These soft skills are listed in Bruce Tulgan’s book, ‘Bridging the Soft Skills Gap’.
As Tulgan argues in his book “The Soft Skill Gap”, which you can see from below, there are many aspects of the three main softskills – followership, professionalism and critical thinking.
- Followership – do I know how to follow people and the context of the organisation I’m at?
- Critical thinking – do I know how to think, rather than just googling the answer?
- Professionalism – am I professional with my work?
You might risk losing them, if they don’t feel like you validate the skills they show.
The tension between doing, and thinking
But you, as their manager, also know that there’s a tension you have to hold. Between thinking and doing.
Entry level staff should probably be involved in execution, rather than strategy.
But now you have this hotshot who wants to do more thinking, and is probably suggesting things that are very uncomfortable.
When I was a soldier, I remember an adage a commander once gave me,
Don’t think, just do!
That may be true in a context like the army, but in the workplace, when you’re faced with so many differing problems, taking time to think isn’t a bad thing.
So what do you do? Do you tell them to just get the work done, or do you encourage them to think more?
What do you do with your young thinkers?
Firstly, acknowledge that they are going to be different. And the kindest thing you can do for them is not to keep them. But to let them go.
If you see your organisation as a rather hierarchical organisation that’s not very open to accepting ideas from younger staff, the best thing you can do is to recommend them a better place they can go.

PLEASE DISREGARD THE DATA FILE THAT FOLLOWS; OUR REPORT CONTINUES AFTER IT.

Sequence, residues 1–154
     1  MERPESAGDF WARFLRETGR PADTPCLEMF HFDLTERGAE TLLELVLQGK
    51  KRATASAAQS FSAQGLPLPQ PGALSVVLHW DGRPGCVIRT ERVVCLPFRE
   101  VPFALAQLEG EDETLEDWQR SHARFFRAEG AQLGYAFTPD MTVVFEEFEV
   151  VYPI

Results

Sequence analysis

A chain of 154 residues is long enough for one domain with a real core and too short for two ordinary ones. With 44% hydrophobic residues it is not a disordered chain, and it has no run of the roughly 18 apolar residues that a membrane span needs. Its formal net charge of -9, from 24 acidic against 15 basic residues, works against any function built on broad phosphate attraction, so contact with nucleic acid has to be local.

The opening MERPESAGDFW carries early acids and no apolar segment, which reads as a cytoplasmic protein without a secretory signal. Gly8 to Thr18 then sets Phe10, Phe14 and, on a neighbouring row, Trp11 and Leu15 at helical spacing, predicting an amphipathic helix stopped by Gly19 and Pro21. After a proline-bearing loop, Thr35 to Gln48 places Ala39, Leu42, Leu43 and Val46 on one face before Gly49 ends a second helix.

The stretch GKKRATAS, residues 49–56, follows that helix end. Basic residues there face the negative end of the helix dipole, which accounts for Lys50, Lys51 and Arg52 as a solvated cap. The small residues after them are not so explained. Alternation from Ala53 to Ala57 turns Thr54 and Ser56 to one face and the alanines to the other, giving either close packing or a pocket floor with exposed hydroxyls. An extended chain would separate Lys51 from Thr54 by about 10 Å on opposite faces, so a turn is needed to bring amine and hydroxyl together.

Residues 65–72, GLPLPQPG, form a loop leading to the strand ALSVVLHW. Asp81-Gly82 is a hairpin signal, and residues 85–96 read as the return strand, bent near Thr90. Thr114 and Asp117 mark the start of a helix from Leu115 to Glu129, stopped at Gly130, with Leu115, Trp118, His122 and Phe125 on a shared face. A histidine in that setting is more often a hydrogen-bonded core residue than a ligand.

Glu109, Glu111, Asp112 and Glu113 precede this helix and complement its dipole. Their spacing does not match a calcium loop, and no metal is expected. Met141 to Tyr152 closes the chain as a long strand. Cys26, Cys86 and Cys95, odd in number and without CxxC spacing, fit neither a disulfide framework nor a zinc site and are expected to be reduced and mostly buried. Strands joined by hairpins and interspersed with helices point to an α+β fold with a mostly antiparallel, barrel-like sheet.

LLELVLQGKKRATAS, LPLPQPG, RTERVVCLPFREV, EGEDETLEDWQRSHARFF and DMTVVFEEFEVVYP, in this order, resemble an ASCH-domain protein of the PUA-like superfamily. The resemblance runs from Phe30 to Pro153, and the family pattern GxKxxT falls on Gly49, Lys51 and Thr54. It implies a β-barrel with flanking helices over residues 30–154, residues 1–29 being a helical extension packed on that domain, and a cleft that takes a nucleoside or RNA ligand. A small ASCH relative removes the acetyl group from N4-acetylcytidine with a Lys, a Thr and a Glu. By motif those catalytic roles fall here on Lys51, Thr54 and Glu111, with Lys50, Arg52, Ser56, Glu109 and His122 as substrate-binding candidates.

Secondly, teach them the soft skills. Call them out for the tiny details like:
- Being late
- Using their phone/email in meetings
- Checking social media during meetings
- Multitasking during meetings
- Microaggressions like slamming the door in the office
This might seem plain to you, but for younger people who grew up in a different world, this might not be that easy.
The easiest thing you can do is to be clear with them about these ground rules.
The day I quiet quitted
I still remember the day I ‘passed’ my Performance Improvement Plan. 2nd August 2021.
It was supposed to be a happy day.
But my boss noted,
you’ve been very quiet recently.
In my mind I was thinking,
Didn’t you ask for that? Didn’t you tell me to just follow my job description, and not try to do extra?
On 5th October, I left for good.
Again, I don’t think I’m great for leaving.
But I just couldn’t see how to fit in.
I quit my job and went full-time into building my own company. I felt that was the only place I could fit my desire for strategic, organisational building.
And I write this article because I know there are dozens out there who think deeply about the organisations they are at. Who want to drive it to greater heights.
But who find themselves stymied time and time again. Who bring their dreams to the feet of organisations, but find them crushed, again and again.
Because the organisation wasn’t ready.
If that’s you, some part of the problem may be how you pitched the idea. Or how you found alliances.
But the problem is not you. Or your thinking.
Sometimes, you may just have to build your own platform.